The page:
There are many variations on anchor building with a cordelette. Here's one that uses pretty much no knots at all, just a couple of clove hitches.
Do you need to fix a rope and have a stout tree available? Lucky you - this is probably the simplest and strongest anchor you could ever build. Just avoid those pine trees . . .
Passing a long cordelette loop around a stout tree and tying off with an overhand knot is an excellent way to make an anchor. However, if you want to use the shelf, you want to think carefully about where it actually is. It may not be where you think.
You’re a newer climber. You want to learn the critical skill of building good anchors. Here’s an excellent place to start.
Using a sling to make an anchor from two pieces of gear? Try a clove hitch at the master point; it has several advantages over the standard overhand loop.
Making an anchor with only the rope and a few carabiners can be a very useful skill. Here is a Crafty Rope Trick (CRT) that does this with just a few carabiners and knots you already know.
The “quad” anchor rig doesn’t have to be tied with a humongo cordelette. If you have two stout bolts or screws next to each other, get the benefits of fast set up, super strong, good load distribution and complete redundancy, all in a light, compact package with the “mini quad.”
The “backside clove hitch”? Is that something you might find in a San Francisco leather bar? Nope, it's a new approach to transitioning from climbing to rappelling. It has a host of subtle benefits, and it's a Crafty Rope Trick (CRT) well worth adding to your toolbox.
Trying to build a three piece rock anchor with just one double runner? The “V clove” anchor is a Crafty Rope Trick (CRT) that will let you do this. Slick!
Need to build a quick 2 piece anchor and all you have left is a shoulder length sling? The SWAMP anchor is your new best friend! Learn it here.
Move over, old school cordelette-tied-in-one-huge-loop. The bunny ears cordelette is an improvement.
Using a cordelette is standard practice for many climbers often build multi piece of gear anchors. But, there’s a few more tricks than the standard set up that can make your life easier. Learn a few here.
Setting up a top rope anchor from above can place you dangerously close to the cliff edge. Here’s a simple and fast way to safeguard yourself whenever you’re working close to a drop off.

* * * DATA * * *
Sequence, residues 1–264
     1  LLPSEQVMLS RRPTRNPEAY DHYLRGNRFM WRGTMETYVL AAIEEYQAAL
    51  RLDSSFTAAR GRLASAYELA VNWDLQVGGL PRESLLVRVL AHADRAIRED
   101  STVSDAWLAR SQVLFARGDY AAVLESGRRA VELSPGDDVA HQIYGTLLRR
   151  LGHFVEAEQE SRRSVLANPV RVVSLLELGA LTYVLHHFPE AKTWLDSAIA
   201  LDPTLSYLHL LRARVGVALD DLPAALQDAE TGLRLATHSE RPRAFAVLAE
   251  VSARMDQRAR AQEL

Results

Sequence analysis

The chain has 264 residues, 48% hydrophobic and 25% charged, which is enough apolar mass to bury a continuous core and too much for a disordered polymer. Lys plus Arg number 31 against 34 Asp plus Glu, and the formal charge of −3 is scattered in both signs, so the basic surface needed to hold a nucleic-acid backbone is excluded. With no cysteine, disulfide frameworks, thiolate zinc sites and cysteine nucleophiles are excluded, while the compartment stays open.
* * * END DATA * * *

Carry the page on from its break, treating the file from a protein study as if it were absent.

Climbing sport routes with a beginner who doesn’t know how to safely clean and lower? Here’s how to rig the anchor with no wear on the fixed gear, and maximum safety for your follower.
Cordelettes - If you want to use one, the first choice is diameter and length. There are some standards, but which one you pick might depend on what kind of climbing you’re mostly doing. (If you climb a lot on snow and rock, you might want to get one for each.)
A majority of sport climbers are fine with using two standard quickdraws for their anchor. Most of the time, that's probably cool, but for instructional settings or your own peace of mind, you can go one step further and use lockers on everything.
Need to make an absolutely bombproof anchor around a tree, for a rappel or maybe to pull your car out of a ditch? Try this.
Yes, every climbing instruction book for the last two decades has told you to always use a double fisherman's knot to tie your cordelette into a loop. Guess what: the overhand knot works fine.
The munter pop? Is that some kind of Austrian ice cream? Nope, it’s a very Crafty Rope Trick (CRT) you can use if you ever need to lower someone two rope lengths.
While more of a trick knot used by guides, the auto locking Munter hitch can still be a good tool in your bag of Crafty Rope Tricks (CRT).
The brake knot, designed to add increased friction in the event of a crevasse fall, is the best choice for traveling as a two person team on a glacier.
The water knot, a long-time standard to connect tubular webbing, is not the best choice. Here's an alternative knot that’s more secure.
If you're on multi pitch bolted routes, you really don't need any anchor building supplies. The rope and willingness to learn a new knot or two are all you need.
Need to lower two people at once on a rope, or some really heavy haul bags? The “Super Munter” hitch would be an excellent choice.
The butterfly knot is probably something you didn’t learn on day one of climbing school. But after the basics, it's a good one to add to your toolbox. Learn the four climbing situations where the butterfly knot comes in handy.
The flat overhand knot (formerly known as the European Death Knot, or EDK) is a fine choice for general rappelling. But, if you have ropes of significantly different diameters, are rapping with an extra heavy load, or just want a little extra confidence, here’s an excellent, easy-to-tie alternative.
Does every climber need to know these definitions? No. But for the Type A personality, (which is probably most of us climbers) the difference between these three different terms is actually quite interesting.
Sometimes, to better share the load on an anchor, it's helpful to shorten a sling just a centimeter or so at a time. Here's two nifty ways to do it.